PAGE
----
|Introduction||Historical Background||Chronology||Geography||Biography||Technology||Ownership and Financing||General Bibliography|
Urbana was incorporated as a city in 1868.
The Urbana Water Works Company was incorporated on April 7, 1877 and in May contracted with the city of Urbana for a ten year water works franchise based on the proposal of H. P. Clough & Co. to use McGowan pumps. McGowan went bankrupt shortly after construction began, but Thomas T. Flagler, president of the Holly Manufacturing Company, stepped in with an offer to take over the franchise and replace the McGowan pumps with a Holly water system. This was accepted and the system was tested on January 29, 1878 and a formal ceremony was held on Washington's Birthday, February 22, 1878.
The city extended the franchise for an additional ten years in 1888, but refused to do so in 1899 and ceased paying hydrant rentals. After local court battles, stockholder Clarence H. Venner petitioned for a receiver in August, 1903, which was granted. The receiver sued the city for back hydrant rentals, and the legal struggled continued until February, 1911, when Venner sold the company to the city for $100,000.
Water is supplied by the city of Urbana.
1877 "Urbana," Cincinnati Daily Gazette, July 18, 1877, Page 3.
In May last the City Council entered into a contract with H. P. Clough & Co. for the erection of Water Works, and work was commenced under the contract. Before it had proceded far, however, a question was raised about the legality of the proceedings, and the work was stopped. An election was held, at which Council was authorized to contract for the erection of Water Works and furnishing a supply of water. An advertisement was published asking for bids in accordance with specifications adopted, and, Monday night, bids were received and opened, and the contract awarded the Urbana Water Works Company, an incorporated company, with T. J. McGown, or Cincinnati, President, Mr. H. P. Clough, the original contractor, being one of the incorporators and stockholders.
Gazette (Richwood, Ohio), February 28, 1878, Page 3.
Account of Urbana water works celebration.
History of Champaign County, Ohio: Containing a History of the County;
Its Cities, Towns, Etc.; General and Local Statistics; Portraits of
Early Settlers and Prominent Men; History of the Northwest Territory;
History of Ohio; Map of Champaign County; Constitution of the United
States, Miscellaneous Matters, Etc., Etc
Pages 368-369: Urbana Water Works
The subject of water works was brought prominently before the citizens early in 1877, and the matter finally took shape by the organization and incorporation of the Urbana Water Works Company April 7, 1877, with a capital stock of $100,000, by Messrs. Matt Weaver, R. R. Colwell, James Taylor, John H. P. Stone, Henry Fox, Dr. J. H. Ayers, F. Houston, C. H. Ganson and G. M. Eichelberger.
On Monday, May 21, 1877, the City Council concluded a contract with H. P. Clough and T. J. McGowan, as H. P. Clough & Co., wherein the city agreed to furnish the right of way for ten years and protect the same by ordinance, and to pay annually the sum of $6,000, one-half payable April 1, and the second payment October 1, beginning in 1878, for sixty hydrants, and $75 per annum for each hydrant above the number of sixty, and other provisions. Clough & Co. were to build a power house and well, and furnish the necessary machinery, etc. The work to be commenced in May, 1877, and completed by November 1, 1878, and to sell the works to the city at any time for the sum of $75,000.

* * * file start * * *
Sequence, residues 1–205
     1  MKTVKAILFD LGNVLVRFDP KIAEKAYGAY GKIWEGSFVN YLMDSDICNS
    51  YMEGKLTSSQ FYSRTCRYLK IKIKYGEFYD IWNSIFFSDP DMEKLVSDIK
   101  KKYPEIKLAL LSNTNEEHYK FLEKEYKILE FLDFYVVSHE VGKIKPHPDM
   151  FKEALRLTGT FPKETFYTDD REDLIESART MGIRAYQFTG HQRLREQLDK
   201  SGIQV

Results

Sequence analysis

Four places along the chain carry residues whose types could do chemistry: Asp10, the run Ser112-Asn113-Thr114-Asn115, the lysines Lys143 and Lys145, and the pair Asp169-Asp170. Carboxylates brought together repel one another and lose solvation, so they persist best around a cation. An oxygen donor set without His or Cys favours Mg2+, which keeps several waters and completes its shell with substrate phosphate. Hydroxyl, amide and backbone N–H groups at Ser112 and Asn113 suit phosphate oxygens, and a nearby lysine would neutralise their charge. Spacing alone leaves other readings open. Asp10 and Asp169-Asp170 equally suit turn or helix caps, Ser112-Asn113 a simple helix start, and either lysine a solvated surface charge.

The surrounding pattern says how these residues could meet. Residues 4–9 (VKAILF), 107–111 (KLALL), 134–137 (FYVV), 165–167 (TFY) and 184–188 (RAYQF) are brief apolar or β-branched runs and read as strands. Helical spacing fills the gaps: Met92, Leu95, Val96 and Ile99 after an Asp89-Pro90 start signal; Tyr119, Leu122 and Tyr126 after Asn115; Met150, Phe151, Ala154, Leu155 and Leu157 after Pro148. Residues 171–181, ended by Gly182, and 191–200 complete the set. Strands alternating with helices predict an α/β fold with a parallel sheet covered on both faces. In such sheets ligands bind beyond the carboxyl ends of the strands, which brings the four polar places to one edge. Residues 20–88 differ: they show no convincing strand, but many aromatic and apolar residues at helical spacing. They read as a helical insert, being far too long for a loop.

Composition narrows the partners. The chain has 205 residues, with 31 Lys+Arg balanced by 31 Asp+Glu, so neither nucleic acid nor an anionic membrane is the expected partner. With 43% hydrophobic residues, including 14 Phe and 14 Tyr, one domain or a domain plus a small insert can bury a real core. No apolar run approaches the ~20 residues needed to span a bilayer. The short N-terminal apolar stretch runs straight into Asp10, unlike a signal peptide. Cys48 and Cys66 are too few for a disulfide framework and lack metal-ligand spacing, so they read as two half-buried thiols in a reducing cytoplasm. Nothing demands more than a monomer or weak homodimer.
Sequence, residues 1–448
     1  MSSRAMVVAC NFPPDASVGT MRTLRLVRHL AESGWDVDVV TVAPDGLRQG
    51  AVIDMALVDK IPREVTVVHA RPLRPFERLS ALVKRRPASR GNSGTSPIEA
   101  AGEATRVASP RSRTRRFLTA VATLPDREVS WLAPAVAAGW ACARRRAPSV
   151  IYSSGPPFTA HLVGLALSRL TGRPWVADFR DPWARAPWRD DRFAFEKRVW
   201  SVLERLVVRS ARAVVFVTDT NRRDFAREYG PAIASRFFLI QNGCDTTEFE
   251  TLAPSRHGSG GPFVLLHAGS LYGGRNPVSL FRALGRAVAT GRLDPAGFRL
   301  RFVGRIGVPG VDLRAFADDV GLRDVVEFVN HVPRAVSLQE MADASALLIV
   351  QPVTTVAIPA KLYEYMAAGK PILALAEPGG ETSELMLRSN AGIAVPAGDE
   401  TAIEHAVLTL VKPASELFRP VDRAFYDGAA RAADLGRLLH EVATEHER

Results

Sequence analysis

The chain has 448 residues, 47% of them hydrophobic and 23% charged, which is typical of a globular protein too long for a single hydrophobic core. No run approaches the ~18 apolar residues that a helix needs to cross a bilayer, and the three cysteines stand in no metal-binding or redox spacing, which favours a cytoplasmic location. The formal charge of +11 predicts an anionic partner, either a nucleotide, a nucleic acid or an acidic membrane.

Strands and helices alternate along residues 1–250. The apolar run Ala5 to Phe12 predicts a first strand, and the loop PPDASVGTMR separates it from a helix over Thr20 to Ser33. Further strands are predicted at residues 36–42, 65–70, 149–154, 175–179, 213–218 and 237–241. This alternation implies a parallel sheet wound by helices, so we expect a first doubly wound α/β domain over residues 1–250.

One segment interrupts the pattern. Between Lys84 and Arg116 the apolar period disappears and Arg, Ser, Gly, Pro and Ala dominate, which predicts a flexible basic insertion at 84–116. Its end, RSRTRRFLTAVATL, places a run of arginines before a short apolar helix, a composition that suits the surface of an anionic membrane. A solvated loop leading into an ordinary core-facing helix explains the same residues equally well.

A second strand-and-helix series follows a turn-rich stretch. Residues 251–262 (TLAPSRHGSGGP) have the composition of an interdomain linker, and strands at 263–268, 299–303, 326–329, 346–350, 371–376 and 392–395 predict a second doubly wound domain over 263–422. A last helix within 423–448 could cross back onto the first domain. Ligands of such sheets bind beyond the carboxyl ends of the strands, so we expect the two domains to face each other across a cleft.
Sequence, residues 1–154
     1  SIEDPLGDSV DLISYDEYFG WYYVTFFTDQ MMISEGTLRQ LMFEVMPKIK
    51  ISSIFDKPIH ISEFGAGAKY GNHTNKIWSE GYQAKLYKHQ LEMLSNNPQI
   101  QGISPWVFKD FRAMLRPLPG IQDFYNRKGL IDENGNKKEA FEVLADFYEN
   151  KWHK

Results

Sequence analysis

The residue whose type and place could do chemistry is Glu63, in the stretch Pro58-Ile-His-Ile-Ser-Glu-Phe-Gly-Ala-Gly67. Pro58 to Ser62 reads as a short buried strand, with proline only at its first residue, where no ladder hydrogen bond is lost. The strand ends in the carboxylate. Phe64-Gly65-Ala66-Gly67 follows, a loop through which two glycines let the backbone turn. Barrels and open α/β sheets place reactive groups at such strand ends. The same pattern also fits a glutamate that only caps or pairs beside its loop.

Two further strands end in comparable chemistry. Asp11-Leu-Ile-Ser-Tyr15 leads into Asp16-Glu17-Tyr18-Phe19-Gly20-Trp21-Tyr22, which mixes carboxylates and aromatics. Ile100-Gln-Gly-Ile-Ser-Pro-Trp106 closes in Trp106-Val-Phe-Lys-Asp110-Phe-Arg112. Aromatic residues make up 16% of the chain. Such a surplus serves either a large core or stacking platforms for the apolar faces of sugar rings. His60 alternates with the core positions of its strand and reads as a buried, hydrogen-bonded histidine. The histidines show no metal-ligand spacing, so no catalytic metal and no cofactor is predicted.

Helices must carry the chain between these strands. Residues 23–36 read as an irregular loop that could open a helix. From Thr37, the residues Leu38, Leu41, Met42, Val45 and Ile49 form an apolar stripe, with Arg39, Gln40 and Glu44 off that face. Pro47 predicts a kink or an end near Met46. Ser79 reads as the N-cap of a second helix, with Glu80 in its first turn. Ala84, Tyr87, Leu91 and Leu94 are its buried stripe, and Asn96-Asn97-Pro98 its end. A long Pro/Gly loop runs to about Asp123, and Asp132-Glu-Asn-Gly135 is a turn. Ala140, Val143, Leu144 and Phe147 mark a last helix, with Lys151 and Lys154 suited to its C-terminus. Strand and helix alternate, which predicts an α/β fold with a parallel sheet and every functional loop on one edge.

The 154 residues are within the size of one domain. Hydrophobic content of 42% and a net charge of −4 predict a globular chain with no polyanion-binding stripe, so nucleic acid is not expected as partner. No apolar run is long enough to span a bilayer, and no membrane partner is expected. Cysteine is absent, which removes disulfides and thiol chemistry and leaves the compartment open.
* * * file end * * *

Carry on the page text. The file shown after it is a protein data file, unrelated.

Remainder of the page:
A special election was ordered by the Council for a vote of the citizens to confirm or reject the proposed enterprise, to be held Monday, June 25, 1877. The vote stood — yeas, 822 ; nays, 35 ; total vote, 857. At a meeting of the City Council, held Monday evening, July 2, 1877, the plans and specifications were agreed upon; but, on July 31, 1877, a new contract was entered into for the reason that the laws of the State (Burns law) forbid a municipal corporation to enter into binding contracts for a period of ten years. The new contract provided for the erection of a power house, to be supplied by triplicate machinery, to furnish 1,500,000 gallons of water in twenty-four hours; seven miles of pipe ; sixty hydrants at $100 each per annum, and such additional hydrants as the city should require, at $75 each per annum ; one hydrant at the U. S. Rolling Stock Company’s yards and the public buildings to be supplied free; the cost to private individuals not to exceed that charged in Cincinnati in 1876, and a provision that the city might at any time purchase the works for $85,000, or for such sum as might be agreed upon by arbitrators.
The work of laying pipes and mains was commenced August 14, 1877, but had not proceeded far before operations were brought to a sudden stop by the insolvency of the McGowan Pump Company, of Middletown, Ohio, and they were forced to abandon the contract. We quote from the Citizen and Gazette newspaper :
“Under this state of affairs the prospects were slim indeed. But just then there arrived on the ground Mr. T. T. Flagler, President of the Holly Manufacturing Company, of Lockport, N. Y., who stepped into the place of Mr. McGowan. There immediately followed a re-organization of the Urbana Water Works, with T. T. Flagler, President ; J. H. Ayers, Vice President ; H. P. Clough, Secretary ; L. C. Hovey, Treasurer; Messrs. Flagler, Clough, Ayers, James Taylor and Joel Read, Directors ; E. G. Wiley and Joel Read, Trustees.”
A contract, supplementary to the first, with the City Council, which provided for the substitution of the Holly machinery for that of McGowan. Under this new arrangement, work was resumed, and went forward rapidly, and the time for the completion of the works extended to January 21, 1878. They were done at the time agreed. The power buildings, well and reservoir ~ are located in the southwest of the city, within the corporate limits, and are all as complete, substantial and handsome as could be desired.